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Is learning Arabic the solution?

posted on: Aug 19, 2015

Dr. Hadia Attar discusses her role impacting Arabic language instruction with Arab America’s Dr. Amal David

BY: Adrian Tafesh/Contributing Writer

Tamer Ashraf, 48, of Springfield, VA understands the frustration of being an Arab-American who is unable to speak Arabic, or pass it on to his children. “It didn’t really start to bother me until I took my first trip to Egypt in my 30’s” says Ashraf, the son of second generation Egyptian immigrants to the U.S. “It felt kind of exclusive, being in a place where everyone thought I could speak the language, but I really couldn’t.” Ashraf blames his parents for not speaking to him in and teaching him Arabic as a child, while also understanding the context of their situation. He spoke of their desire to identify with mainstream America and get away from the negative images associated with being Arab.

Tamer’s frustration is felt quite frequently by first and even second generation immigrants from the Arab world, and their children. So much is bound-up in the languages we speak: culture, tradition, social practice; and it can be quite difficult for a native Arab speaker to leave home only to find that their children can no longer or indeed never could, speak the language as well.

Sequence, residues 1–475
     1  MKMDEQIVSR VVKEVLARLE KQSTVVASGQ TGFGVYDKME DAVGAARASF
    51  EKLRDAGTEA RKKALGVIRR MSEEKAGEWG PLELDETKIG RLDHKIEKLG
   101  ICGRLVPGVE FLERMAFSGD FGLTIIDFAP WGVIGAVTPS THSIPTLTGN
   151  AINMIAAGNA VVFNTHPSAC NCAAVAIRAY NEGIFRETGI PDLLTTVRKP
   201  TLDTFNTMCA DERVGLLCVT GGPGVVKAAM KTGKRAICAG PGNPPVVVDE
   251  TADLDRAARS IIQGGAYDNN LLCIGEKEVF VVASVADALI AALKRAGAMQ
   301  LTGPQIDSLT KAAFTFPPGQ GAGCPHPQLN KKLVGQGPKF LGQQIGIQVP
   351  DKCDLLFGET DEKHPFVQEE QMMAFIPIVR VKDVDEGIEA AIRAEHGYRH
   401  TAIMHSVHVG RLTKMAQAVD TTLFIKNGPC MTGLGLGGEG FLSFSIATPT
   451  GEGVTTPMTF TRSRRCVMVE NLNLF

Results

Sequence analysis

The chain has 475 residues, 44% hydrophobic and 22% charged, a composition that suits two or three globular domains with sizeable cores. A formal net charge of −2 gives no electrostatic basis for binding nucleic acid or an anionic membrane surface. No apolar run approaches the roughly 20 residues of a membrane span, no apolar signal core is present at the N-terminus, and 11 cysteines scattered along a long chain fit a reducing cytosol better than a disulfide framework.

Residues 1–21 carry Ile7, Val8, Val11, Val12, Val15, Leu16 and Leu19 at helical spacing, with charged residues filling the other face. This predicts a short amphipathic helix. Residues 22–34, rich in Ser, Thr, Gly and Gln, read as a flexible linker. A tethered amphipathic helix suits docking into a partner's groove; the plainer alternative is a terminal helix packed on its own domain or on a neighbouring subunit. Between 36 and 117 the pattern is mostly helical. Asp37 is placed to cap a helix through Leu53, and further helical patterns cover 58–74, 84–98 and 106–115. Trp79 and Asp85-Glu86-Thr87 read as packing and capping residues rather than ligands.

Unlike Tamer’s parents, Dr. Hadia Attar, a recent Syrian immigrant, is one mother who has made the decision to take the education of her children and others, in the Arabic language, into her own very capable hands. Dr. Attar is a member of the faculty at Bayan Claremont and the program coordinator for the Southern California Arabic Language Teacher Council (SCALTC), an off-shoot of Qatar Foundation International.

QFI is a U.S.-based Qatari organization whose expressed mission is “connecting cultures and advancing global citizenship through education”. Their focus is on funding Arabic language and culture education.

Dr. Attar, who spoke to Arab America’s Dr. Amal David, expressed her gratitude to QFI for enabling hundreds of children in Southern California and around the country to learn Arabic language and culture.